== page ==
Early July 2019 I had a persistent tickly cough.   My face was bloated & I had difficulty breathing.  On reflection, I’d had issues for years.  I thought I was allergic to a medication I

My GP sent me for an Xray.  The same afternoon my GP called to say I needed a CT scan and that I had been put on “the lung pathway” which I had the following week.  Within 24 hours I was called to the hospital, had a full physical examination.  I was told I had mass in my left anterior mediastinum. I took a photo of the scan for
reference & was told it was either a germ cell tumour, lymphoma or thymoma.

I had a PET scan, a heart scan, and lung function test which had been delayed because of recent cataract surgery.  Within 3 weeks of the initial Xray I met Mr Francesco Sellitri at Derriford Hospital, Plymouth.  He explained that he didn’t think the mass was cancerous but that it had to be removed.  Both a sternotomy and thoracotomy were proposed.

Surgery was scheduled for September 2019.  That date came and went but during this time I was reading every article on the surgical procedures that I could find, plus I was searching for information relating to my surgeon and discovered he had written several articles on Thymoma.  I had not been given a thymoma diagnosis, but I kept coming back to that as the possible problem especially in light of my consultants experience.  As the date for surgery had passed and I knew that Mr Sellitri was attending a conference in Madrid, I was losing my nerve and I raised questions with my nurse contact.  I expressed my fear of having both procedures.  I very quickly had a telephone consultation with Mr Sellitri who said that he had presented my case (no names) to colleagues and peers at the conference and that the consensus was that a thoracotomy was the best plan but that I would need to be prepared for the possibility that both procedures would take place.

Surgery was booked for 18th October 2019.  On the day, Mr Sellitri said he wanted to check via camera before making his decision on the procedure.  I signed another consent form seconds before the anaesthetic.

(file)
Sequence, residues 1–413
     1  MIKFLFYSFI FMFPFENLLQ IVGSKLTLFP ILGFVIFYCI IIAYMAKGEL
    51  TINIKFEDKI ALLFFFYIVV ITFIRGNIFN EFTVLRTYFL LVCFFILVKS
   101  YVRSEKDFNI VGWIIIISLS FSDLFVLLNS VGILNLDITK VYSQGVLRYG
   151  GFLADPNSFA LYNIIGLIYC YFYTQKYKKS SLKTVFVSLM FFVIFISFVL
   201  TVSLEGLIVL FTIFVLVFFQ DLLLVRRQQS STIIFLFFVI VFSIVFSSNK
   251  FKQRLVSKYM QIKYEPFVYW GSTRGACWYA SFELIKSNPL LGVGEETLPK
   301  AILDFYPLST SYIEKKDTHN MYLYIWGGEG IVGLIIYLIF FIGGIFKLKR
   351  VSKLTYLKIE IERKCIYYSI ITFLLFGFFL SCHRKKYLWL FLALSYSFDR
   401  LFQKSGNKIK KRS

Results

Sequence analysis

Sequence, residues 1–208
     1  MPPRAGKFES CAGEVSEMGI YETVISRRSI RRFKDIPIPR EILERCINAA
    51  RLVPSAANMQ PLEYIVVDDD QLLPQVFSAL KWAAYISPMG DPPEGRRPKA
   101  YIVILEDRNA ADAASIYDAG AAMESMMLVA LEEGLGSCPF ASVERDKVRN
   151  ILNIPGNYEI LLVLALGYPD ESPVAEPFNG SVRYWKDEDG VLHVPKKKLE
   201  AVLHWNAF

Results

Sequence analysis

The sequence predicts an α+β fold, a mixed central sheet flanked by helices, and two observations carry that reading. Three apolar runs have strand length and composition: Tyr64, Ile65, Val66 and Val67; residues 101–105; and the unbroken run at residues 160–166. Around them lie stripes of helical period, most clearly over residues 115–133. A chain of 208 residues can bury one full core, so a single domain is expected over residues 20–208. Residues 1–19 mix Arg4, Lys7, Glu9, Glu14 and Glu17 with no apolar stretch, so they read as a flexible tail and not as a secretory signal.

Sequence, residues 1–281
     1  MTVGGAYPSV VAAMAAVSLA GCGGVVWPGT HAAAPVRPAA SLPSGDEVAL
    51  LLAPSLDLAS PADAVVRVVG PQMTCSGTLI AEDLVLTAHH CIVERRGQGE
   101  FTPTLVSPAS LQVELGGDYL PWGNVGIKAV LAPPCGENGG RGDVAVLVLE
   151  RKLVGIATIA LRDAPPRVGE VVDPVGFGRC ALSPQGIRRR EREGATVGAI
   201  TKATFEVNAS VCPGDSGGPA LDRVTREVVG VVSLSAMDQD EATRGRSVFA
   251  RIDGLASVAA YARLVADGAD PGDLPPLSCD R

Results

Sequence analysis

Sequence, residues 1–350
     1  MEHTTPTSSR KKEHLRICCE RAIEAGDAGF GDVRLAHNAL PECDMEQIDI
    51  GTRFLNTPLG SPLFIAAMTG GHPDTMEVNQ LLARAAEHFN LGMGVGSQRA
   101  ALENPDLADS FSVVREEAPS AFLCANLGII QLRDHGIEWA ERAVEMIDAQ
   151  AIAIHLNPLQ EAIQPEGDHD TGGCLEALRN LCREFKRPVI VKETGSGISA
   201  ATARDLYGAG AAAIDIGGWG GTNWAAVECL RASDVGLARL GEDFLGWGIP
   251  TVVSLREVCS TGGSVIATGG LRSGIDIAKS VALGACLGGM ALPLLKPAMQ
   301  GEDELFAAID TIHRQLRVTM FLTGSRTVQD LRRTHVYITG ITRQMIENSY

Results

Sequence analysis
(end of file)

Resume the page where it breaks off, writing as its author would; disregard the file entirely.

The next day I discovered that just the thoracotomy had taken place.
The majority of the mass had been removed but margins had to be left because of risk to the aorta.  The fluid taken from the cystic mass was 2.5 litres.  The mass itself – according to Mr. Sellitri, was the size of a small baby. My left lung had been compressed and the mass had been growing with the phrenic nerve stretched across it.  I was very lucky that my lung recovered immediately the mass was removed.

I didn’t get a hint of the diagnosis until the following January when I was told I’d had a thymoma but that some of the tissue had been sent for further examination in the US as a further opinion was needed.  In April 2020 I finally had a further consultation with Mr Sellitri by telephone (thanks to Covid) to advise me that the mass had been a thymic cyst containing 2 x thymoma and that I had possibly been born with the cyst.  I’d had it for a long time, but it had taken 64 years to become a problem. Thankfully this was classified as Type A.

There was a little concern that there could be some spread as a nodule was found on each lung and on one adrenal gland.  I have beenhaving CT scans on a regular 6 monthly basis followed by telephone consultations with Mr Sellitr.  Again, Covid has meant that I haven’t had a face-to-face consultation since January 2020.   So far there has been no change to the nodules and no need for any other treatment or intervention.  There is some thickening of the tissue but I presume this is nothing to worry about.  A face-to-face consultation may perhaps be more informative.

I’m now in the third year since the surgery.  I’m told I’ll have CT scans for up to 5 years post-surgery.   I’ve been incredibly lucky and am so grateful to have received excellent treatment.  It’s not possible to be totally relaxed about my situation but I am fortunate to have no further need for treatment at the moment. I wish it could be the same for everyone.

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